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two logicians decided to play a lovely well-known game , number-guessing from the least significant informations , the juror proposed to create the challenge :

the juror told the logicians two numbers secretly , unbeknownst to eachother , all they know , is that the product of eachother's number is a number divisible by 2 , and between 2 and 10.

juror said that , no action is permitted , no gestures , no word , except when they know numbers , they are permitted to announce it!

  • A suspensious silence was been hovering arround the place , no word! everyone was staring at the other wierdly .

After this few minutes silence both jumped suddenly and declared : We know these numbers!

Question: What are these numbers ?

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    $\begingroup$ Can both logicians be given the same number and are the numbers integers? $\endgroup$
    – Poelie
    Apr 19, 2015 at 16:23
  • $\begingroup$ the numbers are integers 1 isnt included , 10 is included . DOT. $\endgroup$
    – Abr001am
    Apr 19, 2015 at 16:32
  • $\begingroup$ I am just double checking... the product is between 2 and 10? their numbers are integers? $\endgroup$
    – kaine
    Apr 19, 2015 at 16:33
  • $\begingroup$ yes........this is my easiest logic puzzle $\endgroup$
    – Abr001am
    Apr 19, 2015 at 16:33

3 Answers 3

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Assuming that both of their numbers (a,b) are integers. Neither can be 0 and if either are negative, they know the other has a negative number so it is trivial to reduce it to the same problem.

Both players know that all possible pairs contain at least a 1 or a 2. If either player has a 10, 8, 6, 5, or 3, then they immediately know to combine it with the 1 or 2 to find the 1 possible product within that range. As no one immediately finds the solution, neither player has these numbers.

The only numbers a player may have, therefore, is 1, 2, or 4. It has been revealed since I starting writing the answer that neither player can have a 1. The possible pairs are, therefore: (2,2) and (2,4).

If either player had a 4, they would realise that the other has a 2 and say the result. This means that they both know it is (2,2).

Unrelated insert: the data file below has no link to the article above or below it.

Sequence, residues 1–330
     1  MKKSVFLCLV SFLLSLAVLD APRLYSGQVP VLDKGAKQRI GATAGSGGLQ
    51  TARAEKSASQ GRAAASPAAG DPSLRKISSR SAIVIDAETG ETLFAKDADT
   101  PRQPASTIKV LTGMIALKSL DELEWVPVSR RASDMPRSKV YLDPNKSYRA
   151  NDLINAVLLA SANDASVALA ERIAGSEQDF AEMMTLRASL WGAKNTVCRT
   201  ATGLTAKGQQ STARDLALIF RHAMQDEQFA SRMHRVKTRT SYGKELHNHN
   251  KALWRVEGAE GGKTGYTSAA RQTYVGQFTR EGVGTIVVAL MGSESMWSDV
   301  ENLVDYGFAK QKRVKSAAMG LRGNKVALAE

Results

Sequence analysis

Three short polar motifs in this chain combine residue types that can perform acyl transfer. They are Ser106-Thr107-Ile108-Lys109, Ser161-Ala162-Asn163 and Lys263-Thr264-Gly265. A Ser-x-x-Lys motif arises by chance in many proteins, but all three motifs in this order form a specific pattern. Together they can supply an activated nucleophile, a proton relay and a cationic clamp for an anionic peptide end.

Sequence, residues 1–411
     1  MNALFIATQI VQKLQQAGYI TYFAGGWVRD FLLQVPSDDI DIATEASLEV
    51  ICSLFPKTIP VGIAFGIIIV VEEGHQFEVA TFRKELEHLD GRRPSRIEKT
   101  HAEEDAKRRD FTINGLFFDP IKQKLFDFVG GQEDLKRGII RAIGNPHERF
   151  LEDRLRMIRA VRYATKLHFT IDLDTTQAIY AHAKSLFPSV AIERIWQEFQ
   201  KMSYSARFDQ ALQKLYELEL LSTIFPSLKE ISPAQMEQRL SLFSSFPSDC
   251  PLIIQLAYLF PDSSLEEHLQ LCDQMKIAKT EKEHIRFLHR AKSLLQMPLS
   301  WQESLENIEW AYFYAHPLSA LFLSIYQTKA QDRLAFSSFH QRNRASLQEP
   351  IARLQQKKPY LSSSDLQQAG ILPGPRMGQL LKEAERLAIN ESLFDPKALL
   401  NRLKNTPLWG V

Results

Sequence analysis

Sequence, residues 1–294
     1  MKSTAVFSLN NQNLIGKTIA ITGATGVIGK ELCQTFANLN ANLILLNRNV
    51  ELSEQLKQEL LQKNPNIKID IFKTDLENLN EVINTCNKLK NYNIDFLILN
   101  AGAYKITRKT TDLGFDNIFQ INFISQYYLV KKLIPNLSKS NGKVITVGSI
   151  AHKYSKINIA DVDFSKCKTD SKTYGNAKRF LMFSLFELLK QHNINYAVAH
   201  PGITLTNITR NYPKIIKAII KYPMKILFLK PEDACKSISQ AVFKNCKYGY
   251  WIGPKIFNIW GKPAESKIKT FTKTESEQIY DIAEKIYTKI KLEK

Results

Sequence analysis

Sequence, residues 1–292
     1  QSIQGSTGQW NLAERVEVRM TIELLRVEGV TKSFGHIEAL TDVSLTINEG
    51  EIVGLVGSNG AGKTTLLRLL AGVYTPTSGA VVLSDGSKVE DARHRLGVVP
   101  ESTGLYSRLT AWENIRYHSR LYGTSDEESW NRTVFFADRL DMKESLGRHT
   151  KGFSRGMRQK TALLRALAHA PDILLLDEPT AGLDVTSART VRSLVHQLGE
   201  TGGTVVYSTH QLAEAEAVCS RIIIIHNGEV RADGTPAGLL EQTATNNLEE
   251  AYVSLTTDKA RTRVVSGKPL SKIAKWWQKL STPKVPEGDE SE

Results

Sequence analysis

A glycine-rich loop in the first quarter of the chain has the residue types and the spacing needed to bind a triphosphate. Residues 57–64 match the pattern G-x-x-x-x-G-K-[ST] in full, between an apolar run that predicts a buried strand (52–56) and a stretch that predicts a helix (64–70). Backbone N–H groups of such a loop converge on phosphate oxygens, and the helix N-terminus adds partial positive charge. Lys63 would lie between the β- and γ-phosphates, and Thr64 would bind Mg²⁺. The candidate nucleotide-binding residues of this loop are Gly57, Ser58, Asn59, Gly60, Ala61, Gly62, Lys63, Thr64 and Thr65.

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  • $\begingroup$ this answer was first . $\endgroup$
    – Abr001am
    Apr 19, 2015 at 16:35
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    $\begingroup$ @Agawa001 Just remember that "first" doesn't always correspond to "best". It's a good habit to leave a question open for a while, even if a correct answer has been posted, unless you're sure that no better answer could be posted. Btw, nice answer kaine! $\endgroup$
    – leoll2
    Apr 19, 2015 at 16:39
  • $\begingroup$ do you think i would choose it if it wasnt corrent ? $\endgroup$
    – Abr001am
    Apr 19, 2015 at 17:02
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Lets assume that we are one of the logicians and get a number, how much can you reason out from that number?

Numbers 6+ are impossible because the minimum is two and the product can't be higher than 10. Number 5: The other must have two, otherwise the product would not be divisible by 2. Number 4: The other must have two. Number 3: The other must have two, otherwise the end product is not divisible by two. Number 2: The other must have 2 or 4.

The only combination that carries uncertainty for both parties is if both have the number 2, hence this is the number that both logicians had.

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So the product of the two numbers lies between 2 and 10 and has to be divisible by two 2. The following are the possible pairs:

  1. 10:(2,5)
  2. 8:(2,4)
  3. 6:(2,3)
  4. 4:(2,2)
  5. 2:(2,1)

In cases 1,2,3 and 5, the logician with the number other than 2 can blurt out his number and correctly guess that the other logician has the number two.

But in case 4, since both of them fall silent as either one has the value two. Therefore, both the logicians know they have the same number, i.e., 2.

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